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TraveLit--A blog about travel literature. 

     Even with the best of maps and instruments, we can never fully chart our journeys.

Review: Searching for Thoreau

Searching for Thoreau: On the Trails and Shores of Wild New England
By Tom Slayton. Images of the Past, 2007, 208 pp.

Henry David Thoreau is a major American figure today, an object of adoration to his many followers, the subject of numerous books. “Why?” asks Tom Slayton, in Searching for Thoreau. “Why is Henry David Thoreau, who was regarded as—at best—a minor disciple of Emerson while alive, now so vitally important to our contemporary experience? Why is he the only Transcendentalist we still read willingly?”

This is an excellent question and one that Slayton is a good candidate to answer well. Former editor-in-chief of Vermont Life, he has long been drawn to the Concord author, and he knows the New England landscape well, as a hiker and climber. In his quest to understand Thoreau, he decided to travel to the places the author visited and wrote about. Focusing each chapter/essay on a particular place—Walden (of course) and the Maine woods, Mt. Washington and Cape Cod—he follows Thoreau’s trails, cites his writings, and provides historic background. He also recounts his own adventures on these trips, and compares today’s landscapes to those of the past.

Slayton introduces us early on to the cantankerous, stubborn philosopher, who failed early in his endeavors; berated his Concord neighbors—for their “cowardice, subservience, and conformity”; mourned the loss of his brother; and found his way to an intense relationship with nature, wilderness, and the wild.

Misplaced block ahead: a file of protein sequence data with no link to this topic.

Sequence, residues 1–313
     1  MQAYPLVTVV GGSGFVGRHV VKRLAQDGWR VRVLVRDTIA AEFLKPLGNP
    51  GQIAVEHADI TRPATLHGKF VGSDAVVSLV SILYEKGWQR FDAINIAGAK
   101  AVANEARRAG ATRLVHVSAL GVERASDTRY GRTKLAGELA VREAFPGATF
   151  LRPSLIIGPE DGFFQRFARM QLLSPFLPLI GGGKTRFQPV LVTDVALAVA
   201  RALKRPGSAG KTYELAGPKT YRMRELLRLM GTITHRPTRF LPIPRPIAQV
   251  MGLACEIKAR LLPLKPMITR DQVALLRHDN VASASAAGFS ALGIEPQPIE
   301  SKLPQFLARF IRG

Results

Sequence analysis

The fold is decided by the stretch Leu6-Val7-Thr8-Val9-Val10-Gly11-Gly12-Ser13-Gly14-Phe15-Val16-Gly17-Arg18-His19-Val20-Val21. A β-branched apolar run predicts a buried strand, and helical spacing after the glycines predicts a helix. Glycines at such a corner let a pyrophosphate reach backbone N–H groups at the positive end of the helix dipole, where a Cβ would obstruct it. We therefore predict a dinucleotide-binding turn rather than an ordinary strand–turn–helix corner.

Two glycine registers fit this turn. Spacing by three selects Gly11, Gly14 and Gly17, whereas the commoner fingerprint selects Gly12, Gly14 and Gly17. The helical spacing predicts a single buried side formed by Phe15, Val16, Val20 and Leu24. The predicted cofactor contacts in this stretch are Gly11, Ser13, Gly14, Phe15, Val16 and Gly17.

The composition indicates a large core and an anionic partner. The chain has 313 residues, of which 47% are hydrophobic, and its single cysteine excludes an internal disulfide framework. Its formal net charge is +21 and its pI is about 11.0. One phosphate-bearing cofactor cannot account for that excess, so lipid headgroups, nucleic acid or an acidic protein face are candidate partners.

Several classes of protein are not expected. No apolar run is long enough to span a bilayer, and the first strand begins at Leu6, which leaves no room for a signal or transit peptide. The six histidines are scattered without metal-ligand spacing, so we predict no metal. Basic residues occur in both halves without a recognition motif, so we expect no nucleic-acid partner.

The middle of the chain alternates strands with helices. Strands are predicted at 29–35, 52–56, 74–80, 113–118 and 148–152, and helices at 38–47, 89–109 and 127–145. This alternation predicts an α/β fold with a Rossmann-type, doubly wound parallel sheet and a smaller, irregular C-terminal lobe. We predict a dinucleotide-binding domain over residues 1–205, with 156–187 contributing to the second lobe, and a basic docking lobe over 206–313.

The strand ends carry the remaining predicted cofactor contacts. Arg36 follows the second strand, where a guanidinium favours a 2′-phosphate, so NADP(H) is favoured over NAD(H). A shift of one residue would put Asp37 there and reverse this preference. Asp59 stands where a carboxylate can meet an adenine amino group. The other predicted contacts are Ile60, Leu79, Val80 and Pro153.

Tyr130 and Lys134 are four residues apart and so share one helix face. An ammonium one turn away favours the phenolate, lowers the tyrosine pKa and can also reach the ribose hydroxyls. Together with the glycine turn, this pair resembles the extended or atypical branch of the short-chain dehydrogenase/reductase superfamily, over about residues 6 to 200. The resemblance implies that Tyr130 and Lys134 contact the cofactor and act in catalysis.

One of the most striking chapters describes Thoreau’s struggle to climb the notoriously difficult Mt. Katahdin in 1846. He never did reach the summit, and seems to have returned a changed man. “Perhaps I most fully realized that this was primeval, untamed, and forever untameable Nature,” he wrote. Slayton believes that Thoreau, confronting the savagery of the mountain, became less the Romantic, basing his writing thereafter more fully on “observable facts.”

Also striking is the essay on Cape Cod. Anyone who has visited the Cape today, so filled with tourists, will find it hard to grasp that Thoreau and his friend Ellery Channing were probably the first in the area, and that “travelers there were so unusual in 1849 that people thought the two might be bank robbers.” It’s equally surprising to learn that the Cape, whose challenge today is overdevelopment, was a barren place at the time, ruined by deforestation, overgrazing, and erosion.

Although Slayton admires and feels affection for Thoreau, he doesn’t gloss over the man’s flaws. He addresses honestly the preachiness, the stubbornness, and the superciliousness toward his neighbors that earned him their animosity. He has only modest praise for A Week on the Concord and Merrimack Rivers, which he says, despite some “luminous” passages, is “ a tendentious, episodic, fragmented book.” And he offers interesting commentary on Walden, “a truly strange great book,” he says, that opens with preachiness and sarcasm but gradually grows more nuanced, “subtler and more graceful,” documenting the author’s own growth during his years at the pond.

By the end of the book, Slayton has made it clear why Thoreau has earned respect and admiration—from environmentalists like John Muir and Bill McKibben, who have been inspired by his relation to the natural world, from protest leaders like Gandhi and Martin Luther King, who have been inspired by his essay “Civil Disobedience,” from all of us for whom his causes, unusual in his own day, are now central. Thoreau foresaw the dangers of commercialism, stood his ground for his principles, and, as Slayton observes, he was a terrific writer.

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